The forum centered on the cheers and challenges involved in adapting to a different cultural working environment with specific focus on the Anglophone to Francophone transition. Panelists shared in great detail the differences observed in their experiences with both Francophone and Anglophone working environments and encouraged participants to make the best of their bilingualism to profit from both cultures.
Time to join in the fanfare
All too soon came the final day of la “Quinzaine de la Francophonie” and to bring the curtain down on a spectacular two week celebration, fun fairs and food bazaars were organised on the premises both Alliance Françaises in Accra and in Kumasi. Not only was there a variety of francophone gastronomy but there were also lots of handcrafts, clothes, music, drama and dance on display. At the end of the day in Accra, Mali was awarded the “best stand” whereas the winners for the French Essay competition in the “general public” and “primary school” categories also received a wide range of prizes presented by Julie Fournier-Angelo of the French embassy and Amelie Bordeleau representing the High Commission of Canada. Mrs Sewoenam Chachu took home first prize for the general public category, whilst Spencer Dodoo won the primary school category.
The final act of this year’s festival was punctuated with rib racking laughter as the Cameroonian comedian Charlotte Ntamack put up a vintage stand up performance to close what has been an exciting journey of la Francophonie. She is a member of the famous “Parliament of laughter” that is aired on Canal+ Africa and boasts of other famous humorists such as RFI’s Mamane and Michel Gohou of Cote d’Ivoire.
La Francophonie Benchmarks
The term “Francophonie” refers to all of the states and governments worldwide who share the French language. The International Organisation of La Francophonie, created in 1970, represents one of the biggest linguistic zones in the world. Its mission is to embody the active solidarity between its 84 member states and governments (58 members and 26 observers), which together represent over one-third of the United Nations’ member states and account for a population of over 890 million people, including 220 million French speakers.
IOF organizes political activities alongside the four main objectives which it has been assigned:
ü To promote the French language, cultural and linguistic diversity,
ü To promote peace, democracy and Human Rights
ü To support education, training, higher education institutions and research
ü To foster cooperation in favour of sustainable development.
Its head office is in Paris, France, with regional offices all over the world, including one in Togo.
- 274 million French speakers worldwide
There are an estimated 274 million French speakers worldwide, among them 212 million with a daily use, 54.7% living in Africa.
- 60% of French speakers are under 30 years old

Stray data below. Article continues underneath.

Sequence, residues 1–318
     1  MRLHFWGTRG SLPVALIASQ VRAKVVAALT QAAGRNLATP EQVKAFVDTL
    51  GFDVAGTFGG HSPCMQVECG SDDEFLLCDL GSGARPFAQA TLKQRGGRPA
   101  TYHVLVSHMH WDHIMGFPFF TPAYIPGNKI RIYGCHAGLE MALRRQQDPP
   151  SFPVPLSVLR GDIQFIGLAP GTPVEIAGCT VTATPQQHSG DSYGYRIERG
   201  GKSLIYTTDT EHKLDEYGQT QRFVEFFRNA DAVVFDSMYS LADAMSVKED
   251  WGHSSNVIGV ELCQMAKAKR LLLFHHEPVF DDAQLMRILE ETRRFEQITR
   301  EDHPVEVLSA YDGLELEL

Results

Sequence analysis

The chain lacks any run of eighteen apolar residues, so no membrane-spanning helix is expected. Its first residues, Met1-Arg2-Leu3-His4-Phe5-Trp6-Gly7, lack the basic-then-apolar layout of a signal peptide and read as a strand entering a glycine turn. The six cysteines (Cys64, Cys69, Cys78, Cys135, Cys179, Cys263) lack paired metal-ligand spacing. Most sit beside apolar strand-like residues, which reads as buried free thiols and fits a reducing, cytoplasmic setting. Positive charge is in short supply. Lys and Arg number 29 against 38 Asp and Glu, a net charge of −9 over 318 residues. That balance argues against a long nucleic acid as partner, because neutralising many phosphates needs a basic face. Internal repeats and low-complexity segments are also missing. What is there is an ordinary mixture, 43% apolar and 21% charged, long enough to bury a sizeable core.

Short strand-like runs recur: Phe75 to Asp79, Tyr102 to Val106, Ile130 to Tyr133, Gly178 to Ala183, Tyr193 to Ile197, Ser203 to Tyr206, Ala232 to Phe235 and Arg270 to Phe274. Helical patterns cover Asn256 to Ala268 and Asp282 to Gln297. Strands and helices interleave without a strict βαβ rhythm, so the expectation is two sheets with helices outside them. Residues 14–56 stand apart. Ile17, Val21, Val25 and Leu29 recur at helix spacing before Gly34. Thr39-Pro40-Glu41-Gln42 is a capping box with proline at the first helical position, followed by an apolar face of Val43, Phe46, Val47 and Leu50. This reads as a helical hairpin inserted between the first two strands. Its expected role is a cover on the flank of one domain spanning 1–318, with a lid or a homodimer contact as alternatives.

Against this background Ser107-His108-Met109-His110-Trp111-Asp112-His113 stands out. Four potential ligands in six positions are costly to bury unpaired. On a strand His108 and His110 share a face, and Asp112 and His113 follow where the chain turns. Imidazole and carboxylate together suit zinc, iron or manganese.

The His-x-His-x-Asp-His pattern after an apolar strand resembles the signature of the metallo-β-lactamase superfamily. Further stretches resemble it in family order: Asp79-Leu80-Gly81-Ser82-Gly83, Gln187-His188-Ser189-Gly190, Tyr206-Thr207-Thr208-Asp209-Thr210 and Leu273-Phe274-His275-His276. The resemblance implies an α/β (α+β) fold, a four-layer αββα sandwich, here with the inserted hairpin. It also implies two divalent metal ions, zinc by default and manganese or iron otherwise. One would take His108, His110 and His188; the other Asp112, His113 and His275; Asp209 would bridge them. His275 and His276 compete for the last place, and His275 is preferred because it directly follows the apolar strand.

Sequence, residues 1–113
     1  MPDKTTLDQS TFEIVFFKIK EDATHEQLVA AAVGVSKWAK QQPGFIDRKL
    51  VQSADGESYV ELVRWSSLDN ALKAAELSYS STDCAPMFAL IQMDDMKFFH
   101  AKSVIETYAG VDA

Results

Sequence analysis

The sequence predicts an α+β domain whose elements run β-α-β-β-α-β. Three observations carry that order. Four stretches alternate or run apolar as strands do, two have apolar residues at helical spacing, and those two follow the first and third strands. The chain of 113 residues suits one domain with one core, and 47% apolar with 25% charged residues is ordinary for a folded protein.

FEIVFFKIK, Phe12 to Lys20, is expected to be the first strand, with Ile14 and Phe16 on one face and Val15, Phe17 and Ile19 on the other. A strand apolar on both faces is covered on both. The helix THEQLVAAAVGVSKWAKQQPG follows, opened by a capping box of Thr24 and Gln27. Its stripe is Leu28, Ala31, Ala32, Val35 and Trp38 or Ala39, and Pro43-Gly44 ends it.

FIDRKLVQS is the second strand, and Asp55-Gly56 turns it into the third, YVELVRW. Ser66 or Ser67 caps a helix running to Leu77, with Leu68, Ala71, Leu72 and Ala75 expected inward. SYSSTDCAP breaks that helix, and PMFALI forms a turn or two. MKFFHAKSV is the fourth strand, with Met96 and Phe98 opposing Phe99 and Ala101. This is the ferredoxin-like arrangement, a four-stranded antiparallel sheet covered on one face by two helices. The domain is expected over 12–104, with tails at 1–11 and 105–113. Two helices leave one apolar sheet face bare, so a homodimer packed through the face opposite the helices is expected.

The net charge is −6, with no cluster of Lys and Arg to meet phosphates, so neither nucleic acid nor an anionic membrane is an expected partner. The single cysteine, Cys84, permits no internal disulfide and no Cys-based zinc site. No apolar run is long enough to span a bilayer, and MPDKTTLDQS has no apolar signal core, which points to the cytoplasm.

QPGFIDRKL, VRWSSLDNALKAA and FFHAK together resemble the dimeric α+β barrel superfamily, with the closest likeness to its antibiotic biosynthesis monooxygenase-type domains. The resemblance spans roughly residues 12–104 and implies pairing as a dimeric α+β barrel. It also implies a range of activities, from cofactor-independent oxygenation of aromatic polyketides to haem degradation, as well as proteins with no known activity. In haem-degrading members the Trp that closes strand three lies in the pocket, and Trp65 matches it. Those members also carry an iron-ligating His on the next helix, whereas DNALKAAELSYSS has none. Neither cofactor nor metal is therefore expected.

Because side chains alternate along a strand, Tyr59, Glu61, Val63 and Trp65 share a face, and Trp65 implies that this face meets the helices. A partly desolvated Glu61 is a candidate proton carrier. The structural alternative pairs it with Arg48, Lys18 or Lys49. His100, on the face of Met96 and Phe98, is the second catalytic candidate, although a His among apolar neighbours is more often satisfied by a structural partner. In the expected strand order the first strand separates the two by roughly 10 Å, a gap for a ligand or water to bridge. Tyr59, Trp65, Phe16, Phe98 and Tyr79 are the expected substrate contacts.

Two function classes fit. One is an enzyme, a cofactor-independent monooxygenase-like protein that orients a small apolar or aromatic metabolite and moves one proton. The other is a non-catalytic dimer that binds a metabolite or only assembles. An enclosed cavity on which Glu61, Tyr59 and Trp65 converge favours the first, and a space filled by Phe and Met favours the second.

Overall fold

In most of the IOF member countries, 60% of the population is under 30 years old.
- French is the 2nd foreign language studied and the 3rd most widely used language on the Web
French is the 2nd most studied foreign language in the world, after English
French is the 3rd most widely used language on the Web with 5% of Internet pages, after English (45%) and German (7%) and ahead of Spanish (4.5%).
- French is an official language in 32 member states and governments
French is either the official language, or one of the official languages in 32 of the IOF’s member states, governments or observers.
- 19 countries have French as a language of instruction, 13 in Africa at the pre-tertiary level while other countries have French or bilingual studies at the tertiary level of Education
- French is the 2nd most widely spoken mother tongue and the 2nd most widely spoken foreign language in the European Union
French is the second most widely spoken mother tongue (16%) after German (23%) and ahead of English (15.9%) in the European Union
- French is the 2nd most widely spoken foreign language (19%) after English (41%) and ahead of German (10%) and Spanish (7%) in the European Union.
- 900,000 French teachers worldwide
There are an estimated 900,000 French teachers worldwide.
- March 20, 1970: the birth of an intergovernmental organization of French-speaking nations
March 20, 1970 saw the birth of an intergovernmental organisation of French-speaking nations, with the creation in Niamey (Niger), of the Agency of Cultural and Technical Cooperation. This organisation adopted a new Charter of Francophony in 2005 and was renamed the International Organisation of La Francophonie (IOF) as it is still known today.
- The IOF: 84 States and governments
The IOF has 84States and governments (including 26observers) across the five continents.
- IOF’s community: 890 million people
In 2008, the IOF’s 80 States and governments represented a total of 890 million people, or 13% of the world’s population.
- The IOF: over one-third of the UNO’s member states
The International Organisation of La Francophonie’s 75 member states and governments represent over one-third of the United Nation’s member states.
- The French-speaking zone accounts for 19% of world trade in goods
With 18.9% of world exports and 19% of world imports, French-speaking countries account for 19% of world trade in goods
- French is the 3rd language in business
- TV5 is broadcast in 202 countries
TV5MONDE, the multilateral French language television channel, has the 3rd largest international television network and is broadcast in 202 countries.
- 215 million homes: TV5’s audience
TV5MONDE broadcasts French productions 24 hours a day to an audience estimated at over 220 million homes.
- IOF has partnerships with 31 international and regional organisations.
The IOF has signed cooperation agreements with 31 international and regional organisations including the UNO, the European Union and the African Union.
- 78 French-speaking parliaments or inter-parliamentary organisations.
The Parliamentary Assembly of La Francophonie comprises 78 parliaments or inter-parliamentary organisations.
- 880 French-speaking establishments for further education and research
The Academic Agency of La Francophonie federates 880 establishments for further education and research in 94 countries.